Is Obama a snobby elitist? Over the weekend he’s been forced to defend the comments he made in early April when referring to working-class voters in old industrial towns decimated by job losses. The presidential hopeful said: “They get bitter, they cling to guns or religion or antipathy to people who aren’t like them or anti-immigrant sentiment or anti-trade sentiment as a way to explain their frustrations.”
The off the cuff remark was made at a fundraising event in San Francisco on April 6 and eventually reported by a citizen journalist on The Huffington Post, and an Obama supporter at that. Conflicted over whether to report the comments, Mayhill Fowler eventually decided that she had a duty to report the event.
Right wing shock jocks have seized on the quote as proof that Obama is elitist, and so has Hillary “blue collar” Clinton. Eager to capitalise on the comments ahead of the Pennsylvania primary on April 22, Clinton campaigners in North Carolina are handing out bumper stickers saying “I’m not bitter.”
Bitter is bad for Barry: A Clinton comeback was looking far-fetched. But operatives in both parties were buzzing about that possibility Saturday following the revelation that Sen. Barack Obama (D-Ill.) told wealthy San Franciscans that small-town Pennsylvanians and Midwesterners “cling to guns or religion” because they are “bitter” about their economic status. — Politico
Obama was right, people are angry: Strip down what Obama was saying: He addressed the trouble his campaign of hope and change was having in “places where people feel most cynical about government.” While he has tried to speak concretely about the conditions of peoples’ lives, his campaign continues to have trouble making inroads among white working class voters, and “old economy” voters whose idea of change isn’t hope but rather losing a job or a pension. Yet he is narrowing the margins. — The Nation
Stockholm Syndrome? The Clinton campaign’s angry tone also has exposed a deep well of self-pity, with Hillary and Bill Clinton signaling that they see a media double-standard against them. So, when the press does its job in pointing out significant exaggerations and even lies told by Sen. Clinton, these legitimate criticisms are dismissed as anti-Clinton bias. Her aides and supporters rush to battle stations as if they were fending off a new assault from Ken Starr or the American Spectator. The recurring complaints about an anti-Clinton media bias also are reminiscent of the Right’s endless accusations about the “liberal media,” a form of “working the refs” to get more favorable calls. — Consortium news
Smear factor: As America resigns itself to another interminable presidential race, you can already hear voices crying out against divisive tactics and unsupported accusations. While it’s popular to view negative campaigning as a dirty product of modern politics, the dark arts of “candidate definition” have been practiced since the very birth of our republic. Radar takes a look at some of history’s most negative campaign posters. — Radar Online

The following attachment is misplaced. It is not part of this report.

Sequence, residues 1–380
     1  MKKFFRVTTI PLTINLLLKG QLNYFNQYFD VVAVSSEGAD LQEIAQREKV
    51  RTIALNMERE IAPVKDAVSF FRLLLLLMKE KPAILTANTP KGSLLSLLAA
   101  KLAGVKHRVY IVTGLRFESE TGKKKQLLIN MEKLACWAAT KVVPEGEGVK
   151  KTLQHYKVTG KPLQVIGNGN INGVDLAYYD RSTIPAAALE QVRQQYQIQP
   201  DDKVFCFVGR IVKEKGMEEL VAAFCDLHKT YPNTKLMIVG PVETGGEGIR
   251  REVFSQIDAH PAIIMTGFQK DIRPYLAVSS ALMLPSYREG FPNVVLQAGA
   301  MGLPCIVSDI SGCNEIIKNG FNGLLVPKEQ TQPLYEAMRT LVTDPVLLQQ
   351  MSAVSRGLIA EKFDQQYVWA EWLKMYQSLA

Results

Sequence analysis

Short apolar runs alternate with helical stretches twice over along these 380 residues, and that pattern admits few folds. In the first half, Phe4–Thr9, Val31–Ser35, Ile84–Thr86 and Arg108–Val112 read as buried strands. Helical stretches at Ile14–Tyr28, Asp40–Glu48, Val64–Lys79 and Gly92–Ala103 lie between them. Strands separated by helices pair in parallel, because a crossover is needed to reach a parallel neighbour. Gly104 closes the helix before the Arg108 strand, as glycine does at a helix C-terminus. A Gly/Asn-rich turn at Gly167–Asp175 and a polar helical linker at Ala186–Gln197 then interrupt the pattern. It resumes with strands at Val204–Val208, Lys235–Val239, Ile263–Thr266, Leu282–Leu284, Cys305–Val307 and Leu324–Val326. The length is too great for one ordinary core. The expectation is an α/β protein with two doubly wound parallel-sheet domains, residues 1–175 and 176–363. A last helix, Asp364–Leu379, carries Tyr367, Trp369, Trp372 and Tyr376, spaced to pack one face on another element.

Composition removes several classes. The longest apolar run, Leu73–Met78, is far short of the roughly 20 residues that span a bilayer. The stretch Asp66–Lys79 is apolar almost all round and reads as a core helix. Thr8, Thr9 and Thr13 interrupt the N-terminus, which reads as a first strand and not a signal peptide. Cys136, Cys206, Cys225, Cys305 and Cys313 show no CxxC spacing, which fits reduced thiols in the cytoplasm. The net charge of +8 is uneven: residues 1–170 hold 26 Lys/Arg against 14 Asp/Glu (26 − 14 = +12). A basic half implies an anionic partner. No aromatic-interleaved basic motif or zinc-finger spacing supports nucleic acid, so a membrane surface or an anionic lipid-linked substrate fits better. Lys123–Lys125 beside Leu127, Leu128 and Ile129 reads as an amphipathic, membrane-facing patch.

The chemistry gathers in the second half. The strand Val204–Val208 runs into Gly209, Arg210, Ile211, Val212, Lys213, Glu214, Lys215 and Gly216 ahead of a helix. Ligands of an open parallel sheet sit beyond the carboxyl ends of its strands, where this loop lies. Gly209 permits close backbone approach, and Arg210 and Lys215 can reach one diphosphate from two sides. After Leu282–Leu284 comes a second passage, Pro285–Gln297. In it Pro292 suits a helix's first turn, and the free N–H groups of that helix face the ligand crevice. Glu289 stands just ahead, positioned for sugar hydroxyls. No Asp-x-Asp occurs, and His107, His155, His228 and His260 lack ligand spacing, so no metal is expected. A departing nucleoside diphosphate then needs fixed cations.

McCain’s alter ego: Perhaps more than any other national candidate in recent memory, McCain has relied on the promise of a transcendent character guaranteed by personal experience, the reason he has been able to convince voters – especially those who disagree with him on key issues – of his ability to rise above partisanship and privilege, artifice and ambition. This is a political project, but also a literary one, initiated by Mark Salter, the Arizona senator’s closest aide and one frequently described as his alter ego, who for nearly two decades has made telling McCain’s stories his own life’s work. — The Boston Globe
Bush’s fiscal legacy: Competition for “most damaging legacy of the Bush administration” is lively. Iraq is the front-runner, of course, but bear in mind the wreckage of fiscal policy – although to use that term is to imply that the US even has a fiscal policy, when it does not. It would be more accurate to talk of fiscal consequences or fiscal footprint (an apt metaphor) than to imply anything as deliberate as “policy”. All three presidential contenders criticise the administration on this, but none is offering much improvement. — Clive Crook, Financial Times
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What Hillary wishes she could say: the Democratic race has not been especially rough by historical standards. What’s more, our conversations with Democrats who speak to the Clintons make plain that their public comments are only the palest version of what they really believe: that if Obama is the nominee, a likely Democratic victory would turn to a near-certain defeat. Far from a no-holds-barred affair, the Democratic contest has been an exercise in self-censorship. Rip off the duct tape and here is what they would say: Obama has serious problems with Jewish voters (goodbye Florida), working-class whites (goodbye Ohio) and Hispanics (goodbye, New Mexico). Republicans will also ruthlessly exploit openings that Clinton — in the genteel confines of an intraparty contest — never could. Top targets: Obama’s radioactive personal associations, his liberal ideology, his exotic life story, his coolly academic and elitist style. — Politico